As COVID-19 hit, and small businesses up and down Broadway and Main Street in Everett and beyond began to panic, the banking community began to start trying to figure out how they could help.
The answer quickly came with the Paycheck Protection Program (PPP), and while some banks passed on the program and saw it as too cumbersome and risky, a number of banks like Everett Bank dug in and started navigating the minefield.
“Several smaller banks didn’t get involved,” said Richard O’Neil, CEO of Everett Bank. “We saw it as an opportunity to help some of our business customers. The first Monday of the program the phone rang off the hook with business after business. There were no applications yet, but people were expecting it. We are a Small Business Administration (SBA) lender so we had a head start on it. We knew the basic info…We were able to get about $12 million and 125 applications. When you divide it up, it doesn’t sound like a lot of money, but it is a lot of money to these small businesses in the community.”
Though the program is still operating through Aug. 8, the rush has slowed dramatically and the second part of the program is now beginning to operate – that being who is forgiven for the loans and how banks will be repair, as they lent their own money with the promise by the SBA to reimburse them. At the moment, too, many are evaluating the program locally, like in Everett.
Nationally, 70 percent of the loans were $100,000 or under. Only 2 percent were over $5 million, though that was 35 percent of the total dollars available. Some 84 percent of the loans were under $350,000. It is estimated nationally that 51 million jobs were supported by the program.
Most of the loans came from small banks nationally as well, according to Mass Bankers Association. Banks with more than $50 billion in assets made 34 percent of the loans, while banks with less than $10 billion in assets – mostly community banks – made 51 percent of the loans.
In Massachusetts, according to the Mass Bankers Association, the average loan size was $129,000 and there were 111,000 loans made for a total of $14.3 billion.
Recently, the SBA released city and town specific data for those receiving PPP loans under $150,000. In Everett, there were 401 PPP loans approved for amounts under $150,000. The data showed most were between $80,000 and $135,000 in Everett. However, there were loans as small as $700. Any number of lenders were used for the PPP loans, and O’Neil said he’s confident most all of the money from the program got into the right hands.
“We all heard the stories of the Lakers or the big corporations getting PPP loans,” he said. “We didn’t have that experience. It was all legitimate small businesses that needed help. And they used it to just keep going in the pandemic. We don’t yet know how this all plays out for sure, but we helped a lot of people.”
Daniel Forte, president of Mass Bankers, said the program was rushed and had its hiccups, but in the end, the result was what it was intended to do.
“Because it was rushed politically and I say that kindly because we were in extreme economic conditions at the time, that didn’t let us have time,” he said. “Given the lumpiness of the rollout and the constant changing of the rules, you still have to say this was a home run. Kudos to the banking industry for putting in the hours to make it work. They worked many hours. A number of the banks also saw this as an opportunity to show how they could serve small business customers.”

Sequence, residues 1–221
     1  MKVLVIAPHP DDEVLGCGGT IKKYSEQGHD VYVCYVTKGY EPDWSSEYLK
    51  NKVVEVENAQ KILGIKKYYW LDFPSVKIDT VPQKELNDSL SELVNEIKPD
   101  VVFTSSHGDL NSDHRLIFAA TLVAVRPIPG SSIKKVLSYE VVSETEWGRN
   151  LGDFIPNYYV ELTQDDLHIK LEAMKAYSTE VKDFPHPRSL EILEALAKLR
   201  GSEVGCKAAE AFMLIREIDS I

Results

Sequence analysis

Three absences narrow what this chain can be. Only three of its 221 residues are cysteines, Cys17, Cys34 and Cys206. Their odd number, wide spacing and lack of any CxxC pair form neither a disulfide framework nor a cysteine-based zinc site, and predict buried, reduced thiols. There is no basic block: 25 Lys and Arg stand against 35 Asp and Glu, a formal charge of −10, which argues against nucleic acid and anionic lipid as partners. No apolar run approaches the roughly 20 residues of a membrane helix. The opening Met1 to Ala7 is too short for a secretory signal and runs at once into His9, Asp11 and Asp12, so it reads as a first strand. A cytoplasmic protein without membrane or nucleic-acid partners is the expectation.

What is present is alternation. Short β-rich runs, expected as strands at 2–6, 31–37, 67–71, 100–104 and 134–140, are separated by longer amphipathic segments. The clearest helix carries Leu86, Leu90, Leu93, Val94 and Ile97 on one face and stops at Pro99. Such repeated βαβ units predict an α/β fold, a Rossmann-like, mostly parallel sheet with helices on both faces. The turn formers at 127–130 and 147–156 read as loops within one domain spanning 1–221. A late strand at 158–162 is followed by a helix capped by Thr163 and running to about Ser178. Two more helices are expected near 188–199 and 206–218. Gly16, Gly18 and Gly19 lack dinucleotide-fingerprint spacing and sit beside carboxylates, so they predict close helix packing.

It was exactly the case at Everett Bank.
O’Neil and COO John Citrano said they had a team that would work from 11 p.m. to 4 a.m. – many of them working from home – to try to get into the online queue in off-hours.
“I remember sitting in Richard’s office, and despite knowing it was going to be administratively challenging to roll this out given the restrictions we had and the COVID-19, but under Rich’s directions we knew we needed to make it work,” he said.
With Joe Keohane and Jennifer Quinlan – along with CPA Joe Sachetta (also chairman of the board) – they put together a team to hit the ground running on the program.
“It was a brilliant idea wherever it came from to utilize the community banking system to get that money to where it was needed,” said O’Neil.
Both he and Citrano said they ended up gaining several good clients as well, people who came to them for help as their existing bank wasn’t doing PPP loans.
Forte said it’s important to stress that the PPP program is still continuing through Aug. 8, and companies that need the help should look to take advantage of it. He said there is still $100 million left in the program.
“There’s still money available,” he said. “Granted, some banks are no longer participating because they made so many loans. That was all bank money. The government has to reimburse them. So, some folks have hit the pause button. Others are still participating. We encourage businesses, particularly women-owned or minority-owned small businesses that were maybe excluded from the first round because they didn’t have strong banking relationships, to go to banks open to the program because there are funds available.”
At this point, there is also a pivoting period where the federal government is analyzing those who took loans in the early days about whether they qualify for forgiveness. Many will have the slate wiped clean if they qualify, while others will have to repay the loan, but over two years at only 1 percent. That is the new process, and the new rush that has now enveloped the program as the funding process winds down.
“Now we’re back in the same mode with the SBA trying to figure out who will qualify for complete forgiveness and what those requirements will be,” said O’Neil.